Electronic Thesis and Dissertation Repository


Master of Science




Gilliland, Jason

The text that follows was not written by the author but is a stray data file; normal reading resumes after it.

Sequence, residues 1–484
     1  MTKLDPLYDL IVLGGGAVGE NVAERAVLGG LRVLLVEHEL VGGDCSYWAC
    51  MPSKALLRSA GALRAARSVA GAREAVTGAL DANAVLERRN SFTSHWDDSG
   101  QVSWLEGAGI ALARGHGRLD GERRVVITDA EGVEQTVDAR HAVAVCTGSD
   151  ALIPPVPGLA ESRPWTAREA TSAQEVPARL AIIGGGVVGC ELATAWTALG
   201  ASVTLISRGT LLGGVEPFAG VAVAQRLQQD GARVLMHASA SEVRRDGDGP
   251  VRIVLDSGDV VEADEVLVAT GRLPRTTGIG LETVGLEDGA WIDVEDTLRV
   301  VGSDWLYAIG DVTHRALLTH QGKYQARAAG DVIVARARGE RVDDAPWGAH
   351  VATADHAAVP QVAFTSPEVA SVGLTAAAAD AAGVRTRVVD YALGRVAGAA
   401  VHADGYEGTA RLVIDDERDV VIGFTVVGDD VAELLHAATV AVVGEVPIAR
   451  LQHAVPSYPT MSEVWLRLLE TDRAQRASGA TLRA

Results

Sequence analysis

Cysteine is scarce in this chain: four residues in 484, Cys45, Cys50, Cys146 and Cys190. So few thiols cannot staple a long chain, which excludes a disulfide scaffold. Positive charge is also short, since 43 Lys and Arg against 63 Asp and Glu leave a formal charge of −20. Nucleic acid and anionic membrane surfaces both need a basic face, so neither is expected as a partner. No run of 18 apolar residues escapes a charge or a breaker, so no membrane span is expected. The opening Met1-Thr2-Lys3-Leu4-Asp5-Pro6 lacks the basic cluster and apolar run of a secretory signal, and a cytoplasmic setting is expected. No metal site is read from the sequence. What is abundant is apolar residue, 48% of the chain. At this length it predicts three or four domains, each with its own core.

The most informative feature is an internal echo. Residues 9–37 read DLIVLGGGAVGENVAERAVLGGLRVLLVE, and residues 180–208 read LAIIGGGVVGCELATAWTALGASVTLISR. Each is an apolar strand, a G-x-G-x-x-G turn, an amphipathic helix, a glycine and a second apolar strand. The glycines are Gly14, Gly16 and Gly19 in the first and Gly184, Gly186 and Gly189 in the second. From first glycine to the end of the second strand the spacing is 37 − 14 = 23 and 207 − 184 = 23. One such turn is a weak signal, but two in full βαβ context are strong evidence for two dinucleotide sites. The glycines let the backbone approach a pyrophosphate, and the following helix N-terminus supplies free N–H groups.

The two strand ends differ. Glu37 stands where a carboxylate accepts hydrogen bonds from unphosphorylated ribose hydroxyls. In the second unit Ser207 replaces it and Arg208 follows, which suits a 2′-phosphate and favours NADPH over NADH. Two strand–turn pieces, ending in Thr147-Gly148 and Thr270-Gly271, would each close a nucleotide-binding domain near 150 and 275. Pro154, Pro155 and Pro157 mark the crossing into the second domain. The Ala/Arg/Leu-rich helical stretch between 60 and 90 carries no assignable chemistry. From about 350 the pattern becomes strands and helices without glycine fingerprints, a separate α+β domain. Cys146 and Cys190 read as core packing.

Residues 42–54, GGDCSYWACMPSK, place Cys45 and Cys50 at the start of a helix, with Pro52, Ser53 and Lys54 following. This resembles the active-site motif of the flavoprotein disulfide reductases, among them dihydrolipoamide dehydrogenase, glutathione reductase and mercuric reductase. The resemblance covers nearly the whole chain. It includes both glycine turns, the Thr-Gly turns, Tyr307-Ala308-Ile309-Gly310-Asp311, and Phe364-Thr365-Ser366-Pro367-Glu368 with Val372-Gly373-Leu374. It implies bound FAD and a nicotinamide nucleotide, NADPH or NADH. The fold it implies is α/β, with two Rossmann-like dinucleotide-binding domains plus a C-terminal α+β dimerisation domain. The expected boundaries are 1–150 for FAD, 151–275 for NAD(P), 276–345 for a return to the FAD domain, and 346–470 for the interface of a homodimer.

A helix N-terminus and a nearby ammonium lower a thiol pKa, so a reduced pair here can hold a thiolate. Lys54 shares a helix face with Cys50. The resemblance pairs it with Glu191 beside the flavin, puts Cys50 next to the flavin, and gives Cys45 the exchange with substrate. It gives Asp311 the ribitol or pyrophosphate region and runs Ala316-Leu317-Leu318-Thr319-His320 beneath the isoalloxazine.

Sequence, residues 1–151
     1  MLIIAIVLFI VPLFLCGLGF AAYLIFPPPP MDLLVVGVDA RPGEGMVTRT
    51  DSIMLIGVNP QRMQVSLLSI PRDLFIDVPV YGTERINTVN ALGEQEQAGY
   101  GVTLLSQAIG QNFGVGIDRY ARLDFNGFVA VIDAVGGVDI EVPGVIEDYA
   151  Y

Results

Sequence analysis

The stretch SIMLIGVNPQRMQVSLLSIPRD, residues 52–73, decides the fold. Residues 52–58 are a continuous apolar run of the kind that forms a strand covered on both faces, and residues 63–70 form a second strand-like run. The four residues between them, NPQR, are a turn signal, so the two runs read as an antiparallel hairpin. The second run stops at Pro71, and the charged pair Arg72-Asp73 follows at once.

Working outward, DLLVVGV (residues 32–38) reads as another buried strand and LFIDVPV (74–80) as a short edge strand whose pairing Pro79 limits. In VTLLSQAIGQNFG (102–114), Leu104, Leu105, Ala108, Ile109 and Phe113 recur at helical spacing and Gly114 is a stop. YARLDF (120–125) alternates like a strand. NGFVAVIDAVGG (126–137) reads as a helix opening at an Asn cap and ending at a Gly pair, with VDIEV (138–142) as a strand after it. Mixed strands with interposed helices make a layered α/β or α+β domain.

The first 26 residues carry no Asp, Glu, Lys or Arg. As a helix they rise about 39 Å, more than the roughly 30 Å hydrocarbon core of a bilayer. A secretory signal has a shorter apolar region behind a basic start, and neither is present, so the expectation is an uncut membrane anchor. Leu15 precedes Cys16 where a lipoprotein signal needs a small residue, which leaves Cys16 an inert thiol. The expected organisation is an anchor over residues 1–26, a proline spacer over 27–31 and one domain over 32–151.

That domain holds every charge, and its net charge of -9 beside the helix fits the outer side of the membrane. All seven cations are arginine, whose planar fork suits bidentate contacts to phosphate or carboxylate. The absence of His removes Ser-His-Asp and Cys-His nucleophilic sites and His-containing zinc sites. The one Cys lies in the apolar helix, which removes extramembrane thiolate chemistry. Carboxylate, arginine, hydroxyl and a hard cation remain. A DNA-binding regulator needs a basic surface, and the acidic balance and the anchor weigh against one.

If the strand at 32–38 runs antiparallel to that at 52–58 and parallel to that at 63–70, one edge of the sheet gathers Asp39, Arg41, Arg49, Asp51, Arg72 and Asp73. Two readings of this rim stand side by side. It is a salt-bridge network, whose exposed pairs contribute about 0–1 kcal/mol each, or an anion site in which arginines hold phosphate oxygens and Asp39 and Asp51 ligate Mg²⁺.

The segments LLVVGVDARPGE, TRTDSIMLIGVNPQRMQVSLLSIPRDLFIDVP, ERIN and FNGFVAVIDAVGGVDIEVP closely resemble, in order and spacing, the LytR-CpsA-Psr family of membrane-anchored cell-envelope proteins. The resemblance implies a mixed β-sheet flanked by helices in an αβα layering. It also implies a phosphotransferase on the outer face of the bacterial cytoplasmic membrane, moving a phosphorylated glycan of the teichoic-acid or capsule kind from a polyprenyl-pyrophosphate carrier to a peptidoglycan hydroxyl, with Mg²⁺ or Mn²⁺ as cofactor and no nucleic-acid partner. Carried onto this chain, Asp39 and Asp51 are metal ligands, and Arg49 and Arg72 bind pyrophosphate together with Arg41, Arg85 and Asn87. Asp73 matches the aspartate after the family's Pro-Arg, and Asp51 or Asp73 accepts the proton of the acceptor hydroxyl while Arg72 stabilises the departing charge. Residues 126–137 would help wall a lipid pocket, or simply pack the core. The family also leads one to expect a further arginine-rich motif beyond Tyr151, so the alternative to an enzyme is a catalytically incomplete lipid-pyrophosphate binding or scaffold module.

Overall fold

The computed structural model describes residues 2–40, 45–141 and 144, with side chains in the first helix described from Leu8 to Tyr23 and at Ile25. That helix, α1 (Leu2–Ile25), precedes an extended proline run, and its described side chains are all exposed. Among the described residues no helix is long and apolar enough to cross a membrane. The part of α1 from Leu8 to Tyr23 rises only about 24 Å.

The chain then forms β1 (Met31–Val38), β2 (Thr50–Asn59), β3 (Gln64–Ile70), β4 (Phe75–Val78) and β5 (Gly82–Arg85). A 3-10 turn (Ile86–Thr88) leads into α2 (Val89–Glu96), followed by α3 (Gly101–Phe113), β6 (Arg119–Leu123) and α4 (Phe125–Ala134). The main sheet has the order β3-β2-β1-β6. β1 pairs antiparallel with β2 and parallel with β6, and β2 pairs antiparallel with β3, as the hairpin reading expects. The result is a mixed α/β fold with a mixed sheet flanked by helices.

Low levels of physical activity among Canadian children has become a national public health issue. Recent research has suggested that children’s physical activity levels are associated with their perceptions of their everyday environments. A better understanding of the formation of these perceptions within different contexts is needed to explain the extent of the relationship. Using a multi-tool quantitative protocol, this thesis examines geographic variation in socio-ecological factors influencing children’s perceptions of barriers to PA, and the extent to which perceptions mediate the relationship of the environment and PA. Results indicate that perceptions form within contexts, and have an influence on PA. The studies take place in Northwestern and Southwestern Ontario. This research provides a starting point for future research, policy, and practice to consider how structures of children’s environments determine experiences of PA, suggesting a new way to conceptualize behaviour to determine effective strategies for improving children’s PA and overall health.